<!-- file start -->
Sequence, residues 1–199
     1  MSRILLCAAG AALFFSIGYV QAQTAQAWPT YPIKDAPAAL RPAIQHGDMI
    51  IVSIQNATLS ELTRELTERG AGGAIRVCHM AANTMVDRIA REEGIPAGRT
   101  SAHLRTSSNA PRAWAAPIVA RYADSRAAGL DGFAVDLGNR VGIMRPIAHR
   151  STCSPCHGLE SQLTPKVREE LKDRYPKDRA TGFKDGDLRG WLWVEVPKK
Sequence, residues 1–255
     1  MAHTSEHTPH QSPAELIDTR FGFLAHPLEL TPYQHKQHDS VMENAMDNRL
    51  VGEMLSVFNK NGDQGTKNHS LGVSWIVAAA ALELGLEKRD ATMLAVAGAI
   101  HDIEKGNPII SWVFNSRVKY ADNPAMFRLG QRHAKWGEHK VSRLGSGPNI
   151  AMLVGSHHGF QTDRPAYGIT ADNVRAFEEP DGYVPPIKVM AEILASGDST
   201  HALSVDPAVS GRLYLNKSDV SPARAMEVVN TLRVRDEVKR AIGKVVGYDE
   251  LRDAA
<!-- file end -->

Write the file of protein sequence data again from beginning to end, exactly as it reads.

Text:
Sequence, residues 1–199
     1  MSRILLCAAG AALFFSIGYV QAQTAQAWPT YPIKDAPAAL RPAIQHGDMI
    51  IVSIQNATLS ELTRELTERG AGGAIRVCHM AANTMVDRIA REEGIPAGRT
   101  SAHLRTSSNA PRAWAAPIVA RYADSRAAGL DGFAVDLGNR VGIMRPIAHR
   151  STCSPCHGLE SQLTPKVREE LKDRYPKDRA TGFKDGDLRG WLWVEVPKK
Sequence, residues 1–255
     1  MAHTSEHTPH QSPAELIDTR FGFLAHPLEL TPYQHKQHDS VMENAMDNRL
    51  VGEMLSVFNK NGDQGTKNHS LGVSWIVAAA ALELGLEKRD ATMLAVAGAI
   101  HDIEKGNPII SWVFNSRVKY ADNPAMFRLG QRHAKWGEHK VSRLGSGPNI
   151  AMLVGSHHGF QTDRPAYGIT ADNVRAFEEP DGYVPPIKVM AEILASGDST
   201  HALSVDPAVS GRLYLNKSDV SPARAMEVVN TLRVRDEVKR AIGKVVGYDE
   251  LRDAA